Psychotic disorders are characterized by symptoms in one or more of the following five domains:


  • Delusions: fixed beliefs that do not change when the sufferer is presented with conflicting evidence. An example is the unfounded belief that one is being persecuted. Delusions are classified as bizarre when they are not understood by people from the sufferer’s culture and do not derive from ordinary life experience. In other words, a non-bizarre delusion is about something that could technically happen to the sufferer; a bizarre delusion is about something that is truly impossible. An example of a bizarre delusion is the belief that an outside force has removed one’s internal organs and replaced them by someone else’s.

  • Hallucinations: sensory perceptions (eg. smelling, hearing or seeing something) that occur without an external stimulus. Hallucinations are as clear and vivid as ordinary sensory perceptions. Hallucinations may occur in any sensory modality, but auditory hallucinations are most common in schizophrenia and related disorders. (Visual hallucinations are more common in neurological conditions.)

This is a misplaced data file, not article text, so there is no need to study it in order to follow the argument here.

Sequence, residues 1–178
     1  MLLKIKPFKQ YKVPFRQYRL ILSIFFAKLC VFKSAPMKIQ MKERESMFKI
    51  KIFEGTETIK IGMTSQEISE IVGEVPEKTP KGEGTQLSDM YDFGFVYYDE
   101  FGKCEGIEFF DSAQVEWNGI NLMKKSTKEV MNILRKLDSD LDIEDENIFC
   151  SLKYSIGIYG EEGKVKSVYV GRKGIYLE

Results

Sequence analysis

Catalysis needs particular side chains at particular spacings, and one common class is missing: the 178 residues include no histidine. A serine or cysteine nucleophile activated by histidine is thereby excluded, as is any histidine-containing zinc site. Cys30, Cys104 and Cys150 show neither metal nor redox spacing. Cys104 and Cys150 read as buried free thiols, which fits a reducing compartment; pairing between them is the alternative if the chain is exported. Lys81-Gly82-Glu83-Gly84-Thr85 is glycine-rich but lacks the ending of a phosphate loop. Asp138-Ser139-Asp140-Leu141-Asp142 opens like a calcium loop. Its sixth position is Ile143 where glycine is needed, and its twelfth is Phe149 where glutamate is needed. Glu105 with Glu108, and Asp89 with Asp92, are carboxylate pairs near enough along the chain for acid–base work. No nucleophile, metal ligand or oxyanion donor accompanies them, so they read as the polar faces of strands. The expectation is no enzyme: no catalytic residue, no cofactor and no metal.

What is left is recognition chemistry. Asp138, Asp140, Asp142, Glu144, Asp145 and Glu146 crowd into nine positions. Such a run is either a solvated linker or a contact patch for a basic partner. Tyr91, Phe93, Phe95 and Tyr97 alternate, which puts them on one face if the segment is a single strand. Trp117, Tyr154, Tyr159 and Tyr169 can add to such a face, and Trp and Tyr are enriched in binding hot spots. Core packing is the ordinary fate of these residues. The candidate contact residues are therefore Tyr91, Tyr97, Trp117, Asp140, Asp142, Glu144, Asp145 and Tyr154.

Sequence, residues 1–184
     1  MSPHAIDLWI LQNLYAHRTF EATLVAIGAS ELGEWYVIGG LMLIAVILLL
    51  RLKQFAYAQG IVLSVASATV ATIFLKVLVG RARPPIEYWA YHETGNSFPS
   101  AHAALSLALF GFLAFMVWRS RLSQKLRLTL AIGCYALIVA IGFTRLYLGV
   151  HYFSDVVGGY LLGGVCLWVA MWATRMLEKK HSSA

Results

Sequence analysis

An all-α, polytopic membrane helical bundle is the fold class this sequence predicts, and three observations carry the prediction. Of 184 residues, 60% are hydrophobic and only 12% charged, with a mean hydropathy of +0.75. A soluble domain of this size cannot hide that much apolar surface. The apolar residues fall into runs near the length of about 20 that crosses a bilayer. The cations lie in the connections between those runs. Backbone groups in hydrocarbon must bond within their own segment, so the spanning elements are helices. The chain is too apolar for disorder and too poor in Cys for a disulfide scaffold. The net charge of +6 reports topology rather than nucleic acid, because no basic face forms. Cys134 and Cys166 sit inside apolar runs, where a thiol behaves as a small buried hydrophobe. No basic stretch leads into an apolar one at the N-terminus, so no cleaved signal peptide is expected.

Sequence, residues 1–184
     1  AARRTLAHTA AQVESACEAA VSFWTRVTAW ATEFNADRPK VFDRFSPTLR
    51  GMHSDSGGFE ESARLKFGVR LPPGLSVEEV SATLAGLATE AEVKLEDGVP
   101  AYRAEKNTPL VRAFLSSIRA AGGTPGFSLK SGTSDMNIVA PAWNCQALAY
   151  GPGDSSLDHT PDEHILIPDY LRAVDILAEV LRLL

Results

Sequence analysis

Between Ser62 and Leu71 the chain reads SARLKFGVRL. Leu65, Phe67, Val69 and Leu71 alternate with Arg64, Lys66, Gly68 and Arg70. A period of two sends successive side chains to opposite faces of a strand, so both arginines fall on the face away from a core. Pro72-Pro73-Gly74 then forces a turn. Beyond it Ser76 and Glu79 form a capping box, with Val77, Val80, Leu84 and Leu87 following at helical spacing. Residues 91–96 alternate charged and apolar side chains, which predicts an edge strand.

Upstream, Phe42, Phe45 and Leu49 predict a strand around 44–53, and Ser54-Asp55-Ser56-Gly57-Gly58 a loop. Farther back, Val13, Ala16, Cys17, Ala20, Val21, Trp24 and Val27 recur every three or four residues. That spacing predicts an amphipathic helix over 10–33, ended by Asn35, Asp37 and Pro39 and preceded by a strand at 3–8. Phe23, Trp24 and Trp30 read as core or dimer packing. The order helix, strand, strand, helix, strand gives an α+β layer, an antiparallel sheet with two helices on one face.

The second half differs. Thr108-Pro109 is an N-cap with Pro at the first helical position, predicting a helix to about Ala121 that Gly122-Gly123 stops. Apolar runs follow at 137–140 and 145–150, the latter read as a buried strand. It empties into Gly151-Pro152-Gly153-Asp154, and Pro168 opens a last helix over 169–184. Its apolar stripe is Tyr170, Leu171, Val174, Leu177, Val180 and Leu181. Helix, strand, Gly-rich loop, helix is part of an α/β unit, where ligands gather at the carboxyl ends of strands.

• Disorganized thinking (speech). Formal thought disorder (disorganized thinking) is generally apparent through a person’s speech. For example, a person may switch from one topic to another (derailment or loose association). Rarely, a person’s speech may be so severely disorganized that it is barely comprehensible. These people’s speech is referred to as “word salad” (thhat’s the actual term used in DSM-5).

  • Grossly disorganized or abnormal motor behavior. An example of this is catatonia, a marked decrease in reactivity to the environment. People may “freeze” in a (usually odd) position. Other examples are complete lack of speech (mutism), repetitive, purposeless movements or repeating someone else’s words (echolalia) or actions (echopraxia).